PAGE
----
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I've lost count of the number of comments which ask - "how do you even know castling is possible ?"
For those of you who like technical 'stuff', there's a simple way of working it out - look at the FEN string for the puzzle. If you click on 'Solution' then a button marked 'FEN/PGN' appears towards the bottom-left of the diagram. Click on that button & a pane opens with the PGN data in it & amongst this is the FEN - it looks like this:-
[FEN "8/8/8/8/4p1p1/4pkN1/7P/4K2R w K - 0 1"]
It's a complete description of all the pieces on the board along with the player who's due to move next (w=White), castling information (K=White/Kingside castling available; Q=White Queenside; k&q=Black etc.), then En Passant (the hyphen means no pawns are E.P.), then the number of half-moves (I think this relates to the 50-move rule) & finally the number of the next move.
So the FEN information clearly shows that Kingside castling for White is possible !
The fact is we all got caught out on this one but at least we should know better next time
Ha, brilliant! I didn't even consider castling. No complaints, on the contrary, it wakens up the mind to consider more.
Extraordinarily unrealistic way of getting this right. Overall, a good one.
it would have been helpful to know i could still castle...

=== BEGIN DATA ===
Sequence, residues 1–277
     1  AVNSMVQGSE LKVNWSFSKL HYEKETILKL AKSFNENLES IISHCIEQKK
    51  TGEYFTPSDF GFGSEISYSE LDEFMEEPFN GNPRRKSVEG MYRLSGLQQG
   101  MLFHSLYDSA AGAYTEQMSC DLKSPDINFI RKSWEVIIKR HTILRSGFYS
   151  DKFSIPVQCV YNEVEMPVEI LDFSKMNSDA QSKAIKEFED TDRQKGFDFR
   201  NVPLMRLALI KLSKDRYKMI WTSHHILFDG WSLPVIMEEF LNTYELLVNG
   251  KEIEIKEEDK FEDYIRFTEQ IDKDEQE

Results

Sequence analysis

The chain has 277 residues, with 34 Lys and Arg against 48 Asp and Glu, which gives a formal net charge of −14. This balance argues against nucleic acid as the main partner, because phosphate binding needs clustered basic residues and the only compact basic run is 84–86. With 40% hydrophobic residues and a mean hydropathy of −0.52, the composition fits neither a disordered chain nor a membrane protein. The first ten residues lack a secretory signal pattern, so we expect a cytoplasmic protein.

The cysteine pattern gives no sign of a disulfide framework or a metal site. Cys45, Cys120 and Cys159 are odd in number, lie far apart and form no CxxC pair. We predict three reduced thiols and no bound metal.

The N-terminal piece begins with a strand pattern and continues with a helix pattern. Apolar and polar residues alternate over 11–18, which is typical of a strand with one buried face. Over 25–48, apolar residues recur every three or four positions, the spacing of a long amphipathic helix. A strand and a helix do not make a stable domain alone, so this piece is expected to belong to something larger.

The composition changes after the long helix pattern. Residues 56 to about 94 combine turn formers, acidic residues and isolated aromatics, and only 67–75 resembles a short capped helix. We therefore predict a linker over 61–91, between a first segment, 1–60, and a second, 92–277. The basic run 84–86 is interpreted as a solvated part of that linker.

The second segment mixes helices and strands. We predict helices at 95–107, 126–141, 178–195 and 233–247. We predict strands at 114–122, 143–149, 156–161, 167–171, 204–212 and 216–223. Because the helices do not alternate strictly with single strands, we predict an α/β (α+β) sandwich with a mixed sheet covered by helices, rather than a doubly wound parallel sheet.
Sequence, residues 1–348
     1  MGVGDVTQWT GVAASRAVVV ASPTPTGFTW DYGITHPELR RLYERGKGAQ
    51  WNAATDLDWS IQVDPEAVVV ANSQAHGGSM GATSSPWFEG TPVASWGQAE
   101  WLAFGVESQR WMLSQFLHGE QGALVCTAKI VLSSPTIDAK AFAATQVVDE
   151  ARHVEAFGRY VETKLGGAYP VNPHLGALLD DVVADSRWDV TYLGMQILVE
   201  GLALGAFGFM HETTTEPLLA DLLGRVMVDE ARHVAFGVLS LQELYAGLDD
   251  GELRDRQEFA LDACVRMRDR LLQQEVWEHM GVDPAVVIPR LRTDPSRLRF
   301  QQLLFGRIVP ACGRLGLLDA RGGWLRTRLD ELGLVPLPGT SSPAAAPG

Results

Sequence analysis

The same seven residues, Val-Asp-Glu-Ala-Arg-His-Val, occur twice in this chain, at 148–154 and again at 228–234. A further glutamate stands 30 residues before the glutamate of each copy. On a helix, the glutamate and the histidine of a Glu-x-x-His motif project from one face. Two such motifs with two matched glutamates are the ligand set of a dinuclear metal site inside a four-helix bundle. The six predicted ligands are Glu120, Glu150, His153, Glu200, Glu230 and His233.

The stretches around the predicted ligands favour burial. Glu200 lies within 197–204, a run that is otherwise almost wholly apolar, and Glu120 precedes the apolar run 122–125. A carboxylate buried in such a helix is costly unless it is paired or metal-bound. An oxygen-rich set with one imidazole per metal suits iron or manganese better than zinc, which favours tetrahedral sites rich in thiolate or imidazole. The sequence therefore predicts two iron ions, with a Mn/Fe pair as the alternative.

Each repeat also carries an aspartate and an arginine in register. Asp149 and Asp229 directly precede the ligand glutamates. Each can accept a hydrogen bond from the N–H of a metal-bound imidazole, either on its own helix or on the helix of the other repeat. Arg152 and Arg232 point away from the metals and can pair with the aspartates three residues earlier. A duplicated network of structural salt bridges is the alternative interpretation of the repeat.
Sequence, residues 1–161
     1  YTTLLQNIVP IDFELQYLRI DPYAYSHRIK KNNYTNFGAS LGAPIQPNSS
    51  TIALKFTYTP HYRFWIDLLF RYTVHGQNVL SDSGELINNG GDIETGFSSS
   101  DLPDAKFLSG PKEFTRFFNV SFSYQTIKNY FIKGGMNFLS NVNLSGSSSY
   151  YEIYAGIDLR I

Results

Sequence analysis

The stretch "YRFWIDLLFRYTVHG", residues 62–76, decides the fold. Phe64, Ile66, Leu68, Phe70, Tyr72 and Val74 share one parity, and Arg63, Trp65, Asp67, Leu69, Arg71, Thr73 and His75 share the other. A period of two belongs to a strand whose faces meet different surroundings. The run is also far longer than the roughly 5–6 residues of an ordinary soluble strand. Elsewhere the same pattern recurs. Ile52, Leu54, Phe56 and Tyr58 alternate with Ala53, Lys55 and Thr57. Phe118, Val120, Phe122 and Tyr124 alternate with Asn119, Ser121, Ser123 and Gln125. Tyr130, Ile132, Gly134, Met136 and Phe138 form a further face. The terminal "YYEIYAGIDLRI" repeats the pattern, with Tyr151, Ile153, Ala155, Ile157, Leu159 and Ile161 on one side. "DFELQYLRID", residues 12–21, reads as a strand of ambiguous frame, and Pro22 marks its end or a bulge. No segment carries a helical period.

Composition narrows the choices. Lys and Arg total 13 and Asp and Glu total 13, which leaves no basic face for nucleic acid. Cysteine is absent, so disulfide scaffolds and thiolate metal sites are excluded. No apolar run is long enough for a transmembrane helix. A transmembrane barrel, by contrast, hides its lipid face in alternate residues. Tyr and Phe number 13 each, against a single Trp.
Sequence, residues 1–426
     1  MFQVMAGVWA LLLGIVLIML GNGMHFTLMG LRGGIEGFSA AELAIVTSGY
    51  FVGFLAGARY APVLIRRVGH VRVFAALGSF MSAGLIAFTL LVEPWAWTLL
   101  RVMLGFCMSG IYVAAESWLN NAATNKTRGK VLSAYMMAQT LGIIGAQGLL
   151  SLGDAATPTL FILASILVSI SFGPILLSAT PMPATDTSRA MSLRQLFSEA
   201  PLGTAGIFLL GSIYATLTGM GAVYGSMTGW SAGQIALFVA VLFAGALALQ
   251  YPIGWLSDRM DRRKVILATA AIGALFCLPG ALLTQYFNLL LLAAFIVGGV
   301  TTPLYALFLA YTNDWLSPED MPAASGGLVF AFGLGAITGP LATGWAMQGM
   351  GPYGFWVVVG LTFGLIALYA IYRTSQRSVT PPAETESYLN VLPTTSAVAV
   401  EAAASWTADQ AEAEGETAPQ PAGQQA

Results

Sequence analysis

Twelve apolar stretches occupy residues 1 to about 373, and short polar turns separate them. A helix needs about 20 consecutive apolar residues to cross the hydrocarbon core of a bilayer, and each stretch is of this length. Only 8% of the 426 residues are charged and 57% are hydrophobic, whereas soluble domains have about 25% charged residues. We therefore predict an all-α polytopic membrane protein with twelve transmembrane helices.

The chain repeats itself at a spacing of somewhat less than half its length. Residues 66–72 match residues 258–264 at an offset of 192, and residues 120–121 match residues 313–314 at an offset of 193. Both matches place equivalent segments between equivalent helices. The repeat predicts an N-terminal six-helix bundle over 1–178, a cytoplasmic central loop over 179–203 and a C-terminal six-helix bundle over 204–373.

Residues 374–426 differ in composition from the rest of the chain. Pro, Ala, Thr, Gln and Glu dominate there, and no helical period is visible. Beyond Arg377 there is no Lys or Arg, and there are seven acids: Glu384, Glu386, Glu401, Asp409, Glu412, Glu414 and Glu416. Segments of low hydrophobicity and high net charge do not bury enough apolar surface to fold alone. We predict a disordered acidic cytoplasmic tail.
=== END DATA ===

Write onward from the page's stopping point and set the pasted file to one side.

Yea, this is the most TROLL PUZZLE EVER XD
To Girts30, its a puzzle to exercise your "chess eye" to see the relationship of files diagonals and critical squares. This is a useful exercise because this is what you use to think ahead when creating a tactic in a real game. The fact that it was a 0-0 move in an end game tells you not to take anything for granted (in a puzzle or a real game).
Sorry mr. Einstein but this happens just inside your head. I doubt in the whole chess history that this position will ever be reached without a castle. And to castle with mate, pfew.
Anyway, I like this puzzle because it beaten me.
Well since I already posted 3 games in this topic (post #253) where there was a very late castling it is already documented that it can happen in real games. In two of those games the castling happened in move 48 (without a check mate), in the third game the castling happened in move 31 giving a check mate.
Want more documentation? Look here:
Paul Morphy vs Alonzo Morphy 1850, (without Queen's rook) ending with 18. 0-0# :http://www.chessgames.com/perl/chessgame?gid=1238144
Edward Lasker vs George Alan Thomas, 1912,the game could have ended with either18. Kd2# or with 18. 0-0-0#Lasker chose to play 18. Kd2#http://www.chessgames.com/perl/chessgame?gid=1259009
Lodewijk Prins vs Lawrence Day, 1968, ended with 31... 0-0-0#http://www.chessgames.com/perl/chessgame?gid=1037399&kpage=1
how on earth am i supposed to know that white didnt castle ???????
"Reykjavik Open, Round 6 | Commentary by FM Ingvar Johannesson & Fiona Steil-Antoni"
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